Q: Thank you.
SENIOR DEFENSE OFFICIAL: But clearly, look, the other thing: clearly the imagery coming out of Bucha, you know, we certainly believe that that warrants further investigation. I mean, it's sickening. It's disgusting, and we certainly believe that that should be contributed to, or should be added to the allegations of war crimes and investigated.
Q: Mine's been answered as well. Thanks.
SENIOR DEFENSE OFFICIAL: Thank you.
Q: Hi, good morning. The question about Sumy: Have you seen a pullback of forces there? Is it a voluntary pullback for forces there, or is it more that Ukrainians are being able to push them back militarily? And are you seeing the same in Kharkiv? Because it appears that maybe the full encirclement or close encirclement that they had there seems to be easing. Is that what you're seeing?
SENIOR DEFENSE OFFICIAL: As I reported earlier, Luis, we haven't seen a major change around Kharkiv to speak of. On Sumy, we have seen a repositioning of Russian troops to the north out of Sumy. I don't have any individual accounts or reports that the Ukrainians are pushing them out or forcing them out so I can't corroborate that. But we have seen a repositioning of Russian forces out of Sumy. I just don't have any more detail or granularity on what that looks like. I can't enumerate it and I can't confirm that it's, you know, a full-on push by Ukrainians or a voluntary repositioning. We just have seen them begin to reposition. And frankly, you know, as you might recall, Luis, we talked about that last week; that Sumy was one of the areas that we anticipated them moving away from, and we have continued to see that over the last couple of days.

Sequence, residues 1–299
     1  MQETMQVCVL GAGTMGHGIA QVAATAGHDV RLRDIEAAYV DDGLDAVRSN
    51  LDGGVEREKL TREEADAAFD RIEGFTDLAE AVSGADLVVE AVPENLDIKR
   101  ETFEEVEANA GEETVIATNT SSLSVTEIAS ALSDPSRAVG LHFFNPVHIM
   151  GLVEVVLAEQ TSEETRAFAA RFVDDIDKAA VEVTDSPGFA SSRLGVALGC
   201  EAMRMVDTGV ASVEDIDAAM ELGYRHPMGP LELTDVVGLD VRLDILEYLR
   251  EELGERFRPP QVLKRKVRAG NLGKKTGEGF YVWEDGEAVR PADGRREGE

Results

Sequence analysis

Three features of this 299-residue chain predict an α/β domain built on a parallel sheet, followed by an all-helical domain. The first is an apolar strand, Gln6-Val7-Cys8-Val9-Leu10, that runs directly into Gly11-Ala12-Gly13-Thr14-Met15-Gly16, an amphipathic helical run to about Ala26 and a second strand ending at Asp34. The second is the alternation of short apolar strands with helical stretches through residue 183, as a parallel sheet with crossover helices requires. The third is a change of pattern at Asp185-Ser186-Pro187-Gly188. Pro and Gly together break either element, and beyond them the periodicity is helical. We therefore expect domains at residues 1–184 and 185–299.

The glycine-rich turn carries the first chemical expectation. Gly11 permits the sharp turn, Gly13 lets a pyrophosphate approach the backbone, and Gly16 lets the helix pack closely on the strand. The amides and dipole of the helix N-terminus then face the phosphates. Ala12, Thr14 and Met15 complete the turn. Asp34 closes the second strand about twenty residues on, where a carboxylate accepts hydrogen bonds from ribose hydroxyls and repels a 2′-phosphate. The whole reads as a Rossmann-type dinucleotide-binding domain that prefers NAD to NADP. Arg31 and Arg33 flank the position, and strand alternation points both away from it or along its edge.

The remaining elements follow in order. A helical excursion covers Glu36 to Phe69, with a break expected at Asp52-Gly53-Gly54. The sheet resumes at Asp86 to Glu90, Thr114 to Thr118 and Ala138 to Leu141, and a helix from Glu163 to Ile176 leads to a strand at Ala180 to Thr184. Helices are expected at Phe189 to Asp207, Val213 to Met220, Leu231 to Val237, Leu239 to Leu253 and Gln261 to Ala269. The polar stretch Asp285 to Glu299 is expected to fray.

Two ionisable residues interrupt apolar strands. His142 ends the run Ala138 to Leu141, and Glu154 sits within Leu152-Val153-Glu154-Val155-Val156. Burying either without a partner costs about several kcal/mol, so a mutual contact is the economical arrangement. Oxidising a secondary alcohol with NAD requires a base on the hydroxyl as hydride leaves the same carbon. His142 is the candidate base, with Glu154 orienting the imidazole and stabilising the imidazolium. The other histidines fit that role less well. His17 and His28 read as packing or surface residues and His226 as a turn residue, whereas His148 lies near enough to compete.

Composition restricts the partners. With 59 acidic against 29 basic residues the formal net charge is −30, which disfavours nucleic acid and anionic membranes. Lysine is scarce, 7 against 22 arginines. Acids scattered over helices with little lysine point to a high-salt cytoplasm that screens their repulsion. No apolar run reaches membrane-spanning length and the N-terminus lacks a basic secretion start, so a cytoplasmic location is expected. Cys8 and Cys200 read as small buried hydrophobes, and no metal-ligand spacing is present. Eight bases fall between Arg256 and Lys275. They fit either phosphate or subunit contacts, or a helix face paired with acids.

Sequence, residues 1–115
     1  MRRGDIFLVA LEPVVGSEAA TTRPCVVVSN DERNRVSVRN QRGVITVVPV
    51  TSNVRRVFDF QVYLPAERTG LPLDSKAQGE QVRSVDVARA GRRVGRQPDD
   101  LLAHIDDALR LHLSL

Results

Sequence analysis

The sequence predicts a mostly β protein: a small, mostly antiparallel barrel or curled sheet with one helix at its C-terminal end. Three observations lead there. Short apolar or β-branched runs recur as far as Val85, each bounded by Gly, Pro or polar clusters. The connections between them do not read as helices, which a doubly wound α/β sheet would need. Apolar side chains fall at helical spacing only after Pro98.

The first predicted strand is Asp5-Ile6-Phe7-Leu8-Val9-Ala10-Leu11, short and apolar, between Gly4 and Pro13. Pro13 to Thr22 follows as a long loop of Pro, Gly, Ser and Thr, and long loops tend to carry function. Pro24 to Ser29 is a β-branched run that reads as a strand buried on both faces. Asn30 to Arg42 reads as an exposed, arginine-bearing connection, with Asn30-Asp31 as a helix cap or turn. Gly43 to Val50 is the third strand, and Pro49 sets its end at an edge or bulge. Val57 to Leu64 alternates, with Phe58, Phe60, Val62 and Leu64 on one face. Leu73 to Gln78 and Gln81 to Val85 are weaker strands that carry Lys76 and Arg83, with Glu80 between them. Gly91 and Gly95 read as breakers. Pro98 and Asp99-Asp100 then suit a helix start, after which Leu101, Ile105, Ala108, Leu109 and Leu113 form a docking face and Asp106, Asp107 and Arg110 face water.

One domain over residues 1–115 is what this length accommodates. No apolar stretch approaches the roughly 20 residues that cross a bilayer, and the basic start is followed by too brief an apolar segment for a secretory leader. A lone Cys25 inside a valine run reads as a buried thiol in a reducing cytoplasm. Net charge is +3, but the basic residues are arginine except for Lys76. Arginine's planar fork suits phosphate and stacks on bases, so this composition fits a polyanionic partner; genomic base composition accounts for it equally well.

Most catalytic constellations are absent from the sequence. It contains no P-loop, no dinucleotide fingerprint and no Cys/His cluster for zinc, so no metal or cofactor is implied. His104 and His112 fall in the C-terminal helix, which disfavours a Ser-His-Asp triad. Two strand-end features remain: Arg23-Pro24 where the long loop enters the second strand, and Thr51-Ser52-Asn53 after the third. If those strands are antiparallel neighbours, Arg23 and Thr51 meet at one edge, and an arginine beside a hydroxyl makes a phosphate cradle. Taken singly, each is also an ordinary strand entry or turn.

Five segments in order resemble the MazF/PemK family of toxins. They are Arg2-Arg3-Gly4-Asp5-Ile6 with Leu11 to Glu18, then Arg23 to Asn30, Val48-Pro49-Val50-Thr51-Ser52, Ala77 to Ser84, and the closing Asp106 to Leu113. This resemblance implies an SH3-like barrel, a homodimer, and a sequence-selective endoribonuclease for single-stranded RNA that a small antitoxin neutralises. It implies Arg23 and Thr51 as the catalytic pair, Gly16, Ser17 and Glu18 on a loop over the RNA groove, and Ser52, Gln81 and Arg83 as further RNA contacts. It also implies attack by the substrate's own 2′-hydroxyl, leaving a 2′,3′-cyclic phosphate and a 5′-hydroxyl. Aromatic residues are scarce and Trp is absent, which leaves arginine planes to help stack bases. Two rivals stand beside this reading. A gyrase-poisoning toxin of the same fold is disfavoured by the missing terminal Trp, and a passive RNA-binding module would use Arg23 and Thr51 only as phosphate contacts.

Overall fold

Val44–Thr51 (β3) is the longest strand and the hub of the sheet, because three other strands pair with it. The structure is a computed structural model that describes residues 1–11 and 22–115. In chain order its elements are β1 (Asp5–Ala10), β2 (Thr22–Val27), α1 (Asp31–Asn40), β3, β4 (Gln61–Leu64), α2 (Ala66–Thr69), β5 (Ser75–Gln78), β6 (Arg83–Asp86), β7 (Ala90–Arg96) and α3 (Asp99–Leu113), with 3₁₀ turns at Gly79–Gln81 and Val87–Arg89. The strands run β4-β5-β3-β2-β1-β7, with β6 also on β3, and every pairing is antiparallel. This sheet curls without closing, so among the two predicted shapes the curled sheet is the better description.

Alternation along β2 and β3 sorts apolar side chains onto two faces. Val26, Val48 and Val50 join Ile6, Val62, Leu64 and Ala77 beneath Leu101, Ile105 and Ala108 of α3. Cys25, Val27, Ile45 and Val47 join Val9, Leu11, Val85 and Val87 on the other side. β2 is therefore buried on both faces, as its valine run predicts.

Q: Is that area one of the 20 BTGs that you were talking about before, or is it separate?
SENIOR DEFENSE OFFICIAL: No.
Q: That's a separate camp.
SENIOR DEFENSE OFFICIAL: Separate. Different grouping of troops.
Q: Thank you.
SENIOR DEFENSE OFFICIAL: It's a completely different grouping of troops.
I've got, like, literally four minutes, so I'll -- I'll just do the best I can here with the people I have left.
Q: Yeah, thanks. Yeah, this most recent security package was, at least publicly, some new stuff like, you know, different types of -- of UAVs and --
SENIOR DEFENSE OFFICIAL: Right.
Q: -- also the -- the satellite imagery stuff. Can you talk about how, you know, as the war goes on and the Ukrainians learn about more of what they need and -- and more of what they -- could be requested, can you speak on that sort of kind of tinkering and that readjustments that both sides are making in -- in preparing these aid packages?
SENIOR DEFENSE OFFICIAL: Yeah, look, we're in constant communication with the Ukrainians. As a matter of fact, the Secretary is speaking with Minister Reznikov right now. We'll have a readout for you a little bit later. But we are in constant communication with them about their needs. I suspect that that'll be an iterative process every, you know, every single day going forward.